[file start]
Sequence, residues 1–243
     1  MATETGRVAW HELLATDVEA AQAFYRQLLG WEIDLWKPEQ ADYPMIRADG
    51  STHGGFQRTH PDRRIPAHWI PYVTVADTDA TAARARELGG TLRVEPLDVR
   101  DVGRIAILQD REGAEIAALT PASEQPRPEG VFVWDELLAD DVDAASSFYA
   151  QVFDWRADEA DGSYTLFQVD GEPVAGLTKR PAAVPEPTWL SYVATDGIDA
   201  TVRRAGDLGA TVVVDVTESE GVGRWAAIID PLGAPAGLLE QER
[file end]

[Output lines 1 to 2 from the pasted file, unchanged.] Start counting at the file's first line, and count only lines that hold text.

Sequence, residues 1–243
     1  MATETGRVAW HELLATDVEA AQAFYRQLLG WEIDLWKPEQ ADYPMIRADG